January 13, 2011

Weekly Language Usage Tips: neither/nor & regarding regards

Posted in neither/nor, regard/regards at 6:16 am by dlseltzer

Update on Gift Guide

When I put together the list of books, I forgot the best writing book of all. A colleague reminded me about the lovely and very funny book on writing, Bird by Bird: Some instructions on writing and life, by Anne Lamott. If you haven’t read it, you should; it’s really terrific. To give you a flavor of her writing, here is the explanation of why the book is called Bird by Bird.

“Thirty years ago my older brother, who was ten years old at the time, was trying to get a report on birds written that he’d had three months to write. [It] was due the next day. We were out at our family cabin in Bolinas, and he was at the kitchen table close to tears, surrounded by binder paper and pencils and unopened books on birds, immobilized by the hugeness of the task ahead. Then my father sat down beside him, put his arm around my brother’s shoulder, and said, ‘Bird by bird, buddy. Just take it bird by bird.'”

Warm and witty-and downright funny. It’s not intended for academic writers, but most any writer will gain by reading this book. Highly recommended.

I was also able to get one of the books that I mentioned that I would like to read. A colleague had recommended How to Write a Lot: A practical guide to productive academic writing, and I read that over the break. The book definitely has value, is clearly aimed at academic writers, and is written in a very readable style. There’s abundant humor, and the chapters on style are particularly appealing. For instance,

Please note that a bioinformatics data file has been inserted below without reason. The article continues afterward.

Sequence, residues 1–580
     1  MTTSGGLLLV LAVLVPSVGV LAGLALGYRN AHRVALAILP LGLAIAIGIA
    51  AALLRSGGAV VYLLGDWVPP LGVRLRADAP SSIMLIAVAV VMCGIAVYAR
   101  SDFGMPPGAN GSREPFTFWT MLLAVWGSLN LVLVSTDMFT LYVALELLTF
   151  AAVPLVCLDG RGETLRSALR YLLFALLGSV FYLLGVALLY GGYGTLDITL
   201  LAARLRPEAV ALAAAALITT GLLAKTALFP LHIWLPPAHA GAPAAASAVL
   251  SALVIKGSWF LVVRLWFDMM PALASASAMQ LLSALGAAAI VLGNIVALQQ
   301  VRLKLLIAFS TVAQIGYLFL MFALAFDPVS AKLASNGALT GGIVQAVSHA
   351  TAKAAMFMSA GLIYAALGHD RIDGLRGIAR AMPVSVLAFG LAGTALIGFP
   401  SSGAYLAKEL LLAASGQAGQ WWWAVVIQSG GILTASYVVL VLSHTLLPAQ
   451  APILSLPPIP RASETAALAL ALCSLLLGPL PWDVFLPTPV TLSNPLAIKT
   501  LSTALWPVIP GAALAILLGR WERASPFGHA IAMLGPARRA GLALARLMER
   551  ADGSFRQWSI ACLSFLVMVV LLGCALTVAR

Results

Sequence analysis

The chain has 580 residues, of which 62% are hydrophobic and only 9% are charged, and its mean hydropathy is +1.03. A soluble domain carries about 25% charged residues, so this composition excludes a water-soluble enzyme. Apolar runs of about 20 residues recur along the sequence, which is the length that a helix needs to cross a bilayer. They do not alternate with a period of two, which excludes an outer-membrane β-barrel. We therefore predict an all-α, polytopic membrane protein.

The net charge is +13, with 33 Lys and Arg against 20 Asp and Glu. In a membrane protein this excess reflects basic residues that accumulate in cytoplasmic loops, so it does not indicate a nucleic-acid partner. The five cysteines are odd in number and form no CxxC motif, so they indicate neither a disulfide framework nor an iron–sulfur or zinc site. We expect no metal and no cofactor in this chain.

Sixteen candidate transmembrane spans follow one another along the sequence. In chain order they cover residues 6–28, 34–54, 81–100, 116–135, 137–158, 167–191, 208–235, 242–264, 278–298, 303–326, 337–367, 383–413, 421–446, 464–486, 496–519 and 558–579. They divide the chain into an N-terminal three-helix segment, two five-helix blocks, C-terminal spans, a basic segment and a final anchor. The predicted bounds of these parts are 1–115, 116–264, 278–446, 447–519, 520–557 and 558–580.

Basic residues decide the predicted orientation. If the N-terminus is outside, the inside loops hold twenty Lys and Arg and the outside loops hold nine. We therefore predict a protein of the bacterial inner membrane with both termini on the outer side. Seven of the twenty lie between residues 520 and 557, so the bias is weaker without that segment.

“Psychologists love bad words although they call them deficient or suboptimal instead of bad. Psychologists like writing about the existing literature. Is there a nonexistent literature that I should be reading and referencing? Any psychologist who reads articles should know that our professional journals are frighteningly real. Extant literature is a white-collar version of the same crime. Psychologists who write about a disconnect between two things have been disconnected from their dictionaries where they’ll find good words like difference, distinction, separation, and gap. And some individuals, when writing individual papers on various individual topics, refer to a person as an individual and to people as individuals. These people forget that individual is vague… Choose good words, like person and people. The abomination persons should remain the property of the small-town sheriff on the hunt for “a person or persons unknown.”